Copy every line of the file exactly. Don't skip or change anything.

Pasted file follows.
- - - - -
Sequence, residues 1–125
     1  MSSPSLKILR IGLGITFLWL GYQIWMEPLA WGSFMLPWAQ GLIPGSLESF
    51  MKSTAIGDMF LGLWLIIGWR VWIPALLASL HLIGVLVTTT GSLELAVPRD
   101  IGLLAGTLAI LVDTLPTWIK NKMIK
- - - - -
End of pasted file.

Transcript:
Sequence, residues 1–125
     1  MSSPSLKILR IGLGITFLWL GYQIWMEPLA WGSFMLPWAQ GLIPGSLESF
    51  MKSTAIGDMF LGLWLIIGWR VWIPALLASL HLIGVLVTTT GSLELAVPRD
   101  IGLLAGTLAI LVDTLPTWIK NKMIK